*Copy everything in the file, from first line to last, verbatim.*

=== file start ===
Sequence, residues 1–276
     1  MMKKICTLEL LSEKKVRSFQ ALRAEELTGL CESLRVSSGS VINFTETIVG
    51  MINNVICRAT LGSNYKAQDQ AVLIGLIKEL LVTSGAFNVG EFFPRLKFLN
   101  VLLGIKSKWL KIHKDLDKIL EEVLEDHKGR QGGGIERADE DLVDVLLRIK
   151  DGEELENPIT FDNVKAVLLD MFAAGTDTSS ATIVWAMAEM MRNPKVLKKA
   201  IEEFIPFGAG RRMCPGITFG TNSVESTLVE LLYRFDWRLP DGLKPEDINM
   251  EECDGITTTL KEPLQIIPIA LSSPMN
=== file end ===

Sequence, residues 1–276
     1  MMKKICTLEL LSEKKVRSFQ ALRAEELTGL CESLRVSSGS VINFTETIVG
    51  MINNVICRAT LGSNYKAQDQ AVLIGLIKEL LVTSGAFNVG EFFPRLKFLN
   101  VLLGIKSKWL KIHKDLDKIL EEVLEDHKGR QGGGIERADE DLVDVLLRIK
   151  DGEELENPIT FDNVKAVLLD MFAAGTDTSS ATIVWAMAEM MRNPKVLKKA
   201  IEEFIPFGAG RRMCPGITFG TNSVESTLVE LLYRFDWRLP DGLKPEDINM
   251  EECDGITTTL KEPLQIIPIA LSSPMN